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Fig Trees

White Texas Everbearing Fig FruitFigs are one of the easiest, most problem-free fruits you can grow. They’re a great choice for organic gardeners as the few problems they do encounter can always be overcome without the use of harsh chemicals.

Figs come in a wide array of flavors, textures and ripening seasons. Some have thin skins with delicate, juicy centers reminiscent of maple syrup. These are perfect for eating fresh from the tree. Whilst others have a natural rich, sweet texture that lends itself well to drying or for making preserves.

When choosing a fig tree, pick at least one variety from the fall ripening group to help extend the season and to have some of the most interesting flavors. All figs are self-pollinating.


Figs can’t see, but they do have eyes. At the bottom of the fruit is an opening known as the eye. Water or insects can pass through this opening and cause fruit rot. Varieties with a long neck or peduncle allow the fruit to droop, preventing moisture or pests from entering the eye. While we would love to sell only closed eye figs, there are so many great varieties out there that we give the “eye” information when available.

If birds are a problem in your area, select the light-skinned fig varieties. Birds have a built-in notion that ripe figs are supposed to be dark. They think the yellow-skinned fruits aren’t ripe yet and leave them alone.

Interesting Leaf, Unusual Form
Small by nature, the fig tree is ideal for use in the shrubbery border. Try mingling the broad, deeply-lobed leaves of the fig with willowy pomegranate and fine-textured Mistyblue Blueberry. Tie it all together with a lush ground cover of strawberries for a never-ending cycle of flowers, fruit and fall color.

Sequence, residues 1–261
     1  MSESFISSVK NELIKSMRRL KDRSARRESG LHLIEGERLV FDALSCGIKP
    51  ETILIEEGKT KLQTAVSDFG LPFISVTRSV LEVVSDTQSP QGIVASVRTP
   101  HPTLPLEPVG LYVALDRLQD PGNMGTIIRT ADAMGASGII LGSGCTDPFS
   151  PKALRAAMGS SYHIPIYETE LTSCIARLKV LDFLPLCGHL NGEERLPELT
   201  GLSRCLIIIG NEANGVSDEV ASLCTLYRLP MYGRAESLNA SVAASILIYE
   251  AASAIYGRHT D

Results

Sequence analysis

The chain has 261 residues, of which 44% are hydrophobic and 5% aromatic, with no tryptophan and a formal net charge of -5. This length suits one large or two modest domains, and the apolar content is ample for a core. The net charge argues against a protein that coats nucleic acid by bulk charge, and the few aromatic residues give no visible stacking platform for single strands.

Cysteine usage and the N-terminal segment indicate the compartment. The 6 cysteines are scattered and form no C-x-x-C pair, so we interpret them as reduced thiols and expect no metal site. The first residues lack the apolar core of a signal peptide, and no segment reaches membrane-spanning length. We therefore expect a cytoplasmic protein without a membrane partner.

The smooth, limber trunk of the young fig tree is perfect for training into espalier, or twisting into odd specimen trees. Lay the main trunk flat against the ground, and the new vertical shoots make an instant hedge! Small-space gardeners take note: The root restraint of container growing brings on extra bountiful crops from the fig.


«Click here for the USDA Plant Hardiness Zone Map for your area.

«Not sure what to do with Figs Trees or how to grow them? Click here for Just the Facts on planting and care.

Fig Trees - Fig Varieties (Ficus carica) 

Buying and Growing  Tips…

Fig varieties come in  a varying range of ripening seasons. Some of the earliest to ripen are the Celeste group that start in July, there is also a range of varieties that ripen in the fall like Jelly, Beall and LSU Scott’s Black. Choose a couple or more varieties that ripen at different times of the seasons and you’ll be harvesting all summer long! All the varieties we offer are SELF FERTILE and do not need pollination. 

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